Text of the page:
By the time "Philemon" finally did re-open—again at the Portfolio space—it was April, end of season, summer fast approaching, the industry iron no longer hot, the newspapers refusing to re-review it, nor even reprint their old notices, and subsequently remind people it was there. The run would be presented as a six-week limited engagement, and would remain so, pending a miracle. Which never materialized. The musical closed. The Original Cast Album was recorded, produced and released after the fact by the writers themselves, on their own Gallery label [the serial number was OC1, the vinyl release now a rare and expensive collectors’ item] and the original production, only slightly restaged and softened for television, with the original cast, was splendidly taped for PBS, under the direction of Norman Lloyd [better known, later, as "St. Elsewhere’"s Dr. Altschuler]—curiously, as an entry in the "Hollywood Television Theatre" series.

In 1990, "Philemon" reappeared as a York Theatre revival, but the direction, credited to Fran Soder, was really just a pallid, unimpressively cast paraphrase of the original, seemingly modeled on the televised documentation, down to the set design, some of which included actual pieces from the Portfolio run. The revival had all of the moves, all of the stuff, but precious little of the humanism key to any Jones-Schmidt enterprise. And as a friend of mine, a prominent musical director who saw the production with me, and dearly loves "Philemon", commented—the tempos were too damn slow. Thus what had the potential to be a thrilling rediscovery was received with mild tolerance, which sent the show, alas, into "hiding" yet again. For good, I thought, so damaging had it been to the transcendent inner life of the material.

But at the 25th anniversary of "Philemon" there comes another chance. Possibly a dim one, as it is woefully underpublicized—the producers of the new company Music in a Box, of which "Philemon" is their inaugural production, may once again inadvertently perpetuate the "tradition" of "Philemon" making only cameo appearances and then vanishing without notice again, due to some ineptitude along the way as regards Getting The Word Out: too many, even in the industry, don’t even know it’s here.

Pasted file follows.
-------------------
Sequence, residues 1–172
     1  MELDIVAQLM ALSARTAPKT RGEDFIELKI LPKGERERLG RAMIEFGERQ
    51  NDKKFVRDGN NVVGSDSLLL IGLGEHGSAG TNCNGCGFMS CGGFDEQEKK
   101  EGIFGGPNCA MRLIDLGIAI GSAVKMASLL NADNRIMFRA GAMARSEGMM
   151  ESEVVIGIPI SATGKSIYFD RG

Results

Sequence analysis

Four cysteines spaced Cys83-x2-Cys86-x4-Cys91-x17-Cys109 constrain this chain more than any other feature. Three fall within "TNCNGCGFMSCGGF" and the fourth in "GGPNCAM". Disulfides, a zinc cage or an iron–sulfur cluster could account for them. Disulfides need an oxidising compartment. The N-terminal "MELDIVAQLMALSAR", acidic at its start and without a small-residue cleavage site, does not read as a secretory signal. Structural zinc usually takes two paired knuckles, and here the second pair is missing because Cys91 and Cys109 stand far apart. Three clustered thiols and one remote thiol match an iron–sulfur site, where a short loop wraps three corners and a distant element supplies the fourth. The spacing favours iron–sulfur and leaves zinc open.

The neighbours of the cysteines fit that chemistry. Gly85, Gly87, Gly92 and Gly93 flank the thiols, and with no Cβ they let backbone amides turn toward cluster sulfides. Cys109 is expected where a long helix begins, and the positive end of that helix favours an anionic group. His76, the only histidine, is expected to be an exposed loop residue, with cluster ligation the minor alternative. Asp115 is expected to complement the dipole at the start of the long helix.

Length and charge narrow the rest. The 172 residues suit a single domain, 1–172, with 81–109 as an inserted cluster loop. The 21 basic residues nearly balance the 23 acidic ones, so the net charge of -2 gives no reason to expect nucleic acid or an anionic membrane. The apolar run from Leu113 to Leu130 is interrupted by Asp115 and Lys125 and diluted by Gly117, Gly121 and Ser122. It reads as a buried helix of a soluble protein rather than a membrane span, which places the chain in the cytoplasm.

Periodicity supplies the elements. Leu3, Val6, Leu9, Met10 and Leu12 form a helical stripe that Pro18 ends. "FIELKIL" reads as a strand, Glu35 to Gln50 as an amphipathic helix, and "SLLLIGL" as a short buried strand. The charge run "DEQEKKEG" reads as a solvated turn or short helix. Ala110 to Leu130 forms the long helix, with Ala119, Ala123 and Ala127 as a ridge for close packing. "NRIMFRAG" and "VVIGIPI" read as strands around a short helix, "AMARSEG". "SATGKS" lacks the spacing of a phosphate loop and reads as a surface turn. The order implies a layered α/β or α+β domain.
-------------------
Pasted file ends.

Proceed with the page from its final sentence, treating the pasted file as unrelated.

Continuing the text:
And that would be a shame.

Because this is as worthy a production of a lost masterpiece as one could hope…

* * * * *

The director of the current revival is John Schak, whose association with Jones and Schmidt goes back to Portfolio and the original workshops of "Philemon", and though the material has not changed by so much as a word, his reinvestigation of the material, and his redefinition of its look and physicality, is as thoroughgoing as what Sam Mendes did with "Cabaret", or Nicholas Hytner with "Carousel".

In preparing this review, I took another look at the 1976 PBS original cast broadcast (never commercially released, but copies have made the rounds here and there) to more freshly acquaint myself with the points of departure.

It’s hard to make sweeping philosophical generalizations about either production; the contrasting broad strokes and subtleties exist in equal measure, the playing style equally humanist, though different in the proportions and placement of verité humanism versus musical theatre presentational techniques. But I think three things can mark the productions cleanly apart:

First: even though the opening number, "Within This Empty Space" invites the audience to come along on a journey propelled by the imagination’s ability to take suggestion and fill a spare playing area with the sights, sounds and atmosphere of ancient Greece, the Portfolio staging did, in fact, employ a rudimentary set, with stairways, levels and platforms—not dissimilar to an Old Globe layout in bare wood. The revival, however, is even truer to the philosophy of the song. Other than a few prop pieces that line the walls, director John Schak’s set is literally the prototype empty black box…with only a large circle in white painted on the floor, that circle used at times to define or suggest physical boundaries.